Title: Nitrogen Management to Increase Profitability and Reduce Environmental Impact: A Case for Sensors Author
Submitted to: No Tillage National Congress in Argentina
Publication Type: Proceedings
Publication Acceptance Date: July 3, 2008
Publication Date: August 12, 2008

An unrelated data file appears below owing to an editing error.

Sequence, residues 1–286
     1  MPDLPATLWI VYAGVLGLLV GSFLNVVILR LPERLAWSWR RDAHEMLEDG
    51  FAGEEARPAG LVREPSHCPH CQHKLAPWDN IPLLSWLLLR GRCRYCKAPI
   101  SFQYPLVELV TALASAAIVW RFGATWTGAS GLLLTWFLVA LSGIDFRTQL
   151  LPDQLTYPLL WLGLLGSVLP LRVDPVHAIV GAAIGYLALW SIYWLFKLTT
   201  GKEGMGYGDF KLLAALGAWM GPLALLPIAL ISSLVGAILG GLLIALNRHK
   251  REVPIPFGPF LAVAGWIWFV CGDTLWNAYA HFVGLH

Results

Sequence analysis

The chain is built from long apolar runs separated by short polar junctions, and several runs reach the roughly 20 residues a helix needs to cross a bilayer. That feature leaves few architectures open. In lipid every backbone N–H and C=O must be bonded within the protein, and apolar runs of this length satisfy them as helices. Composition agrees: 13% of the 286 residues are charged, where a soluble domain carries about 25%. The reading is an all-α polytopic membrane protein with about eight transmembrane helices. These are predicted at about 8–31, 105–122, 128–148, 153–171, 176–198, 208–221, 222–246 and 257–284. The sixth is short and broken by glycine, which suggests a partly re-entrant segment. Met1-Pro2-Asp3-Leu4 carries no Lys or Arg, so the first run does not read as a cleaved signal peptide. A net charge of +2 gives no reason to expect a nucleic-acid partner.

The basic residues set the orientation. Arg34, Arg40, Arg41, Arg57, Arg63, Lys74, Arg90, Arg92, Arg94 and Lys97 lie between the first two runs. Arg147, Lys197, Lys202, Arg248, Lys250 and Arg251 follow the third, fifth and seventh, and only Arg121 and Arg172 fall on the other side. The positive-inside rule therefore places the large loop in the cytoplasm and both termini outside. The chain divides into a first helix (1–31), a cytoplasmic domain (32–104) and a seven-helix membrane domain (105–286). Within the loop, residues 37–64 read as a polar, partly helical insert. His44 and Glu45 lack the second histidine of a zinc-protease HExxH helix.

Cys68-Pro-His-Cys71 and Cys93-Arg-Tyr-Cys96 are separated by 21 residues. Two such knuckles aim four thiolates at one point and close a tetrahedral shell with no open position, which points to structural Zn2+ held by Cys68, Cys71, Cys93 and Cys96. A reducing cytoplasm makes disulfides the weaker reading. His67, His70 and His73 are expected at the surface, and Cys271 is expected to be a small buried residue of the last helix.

Citation: Kitchen, N.R. 2008. Nitrogen Management to Increase Profitability and Reduce Environmental Impact: A Case for Sensors. In: Proceedings of the 16th Congress of Aapresid, August 12-15, 2008, Rosario, Argentina. p. 119-126. Technical Abstract: Since soil types within and between corn (Zea mays L.) fields can be highly variable, the amount of nitrogen (N) provided by those different soil types to support production can also be highly variable. Ideally, the amount of N fertilizer added during a given growing season should be both climate-sensitive and site-specific. Numerous options have been explored for sensing the crop for N needs. Here three approaches are reviewed that are currently being evaluated or used in production agriculture: 1) aerial imaging, 2) hand-held chlorophyll meter, and 3) ground-based canopy reflectance sensors. Emphasis was given to canopy reflectance sensing. In recent years, this type of sensing has been proposed as a technology on which to base side-dress variable-rate N applications. Missouri research was conducted to assess on different soils the use of active crop-canopy reflectance sensors for assessing corn N need and developing algorithms for optimizing economic returns with variable-rate N fertilizer application. A total of 16 field-scale (400 to 800 m in length) experiments were conducted over four growing seasons (2004-2007) in three major soil areas of Missouri: river alluvium, deep loess, and claypan. Multiple blocks of N rate response plots were arranged in a randomized complete block design traversing the length of the field. Each block consisted of 8 N treatments from 0 to 235 kg N/ha on 34 kg /ha increments top-dressed between vegetative growth stage V7 and V12. Crop canopy reflectance sensor measurements were obtained from N response blocks and adjacent N-rich reference strips at the time of N application. Yield response to N rate was modeled using quadratic plateau functions then compared to canopy sensor readings. While this relationship was generally poor when different soils were combined, a profit optimization of these results from which algorithms were developed showed canopy sensing could improve profit. Generally with fertilizer to grain price ratios typical of what producers have seen in the past decade, profit using the sensors and an algorithm that combines all soil types was modest (<$15/ha). In deep loess soils, the profit that could be achieved improved, but this finding come from a smaller dataset and verification is needed. From this analysis, N saved over the producer rate ranged from 0 to 100 kg N/ha, but varied by soil type. This N savings was used in the profit analysis and constitutes and environmental benefit.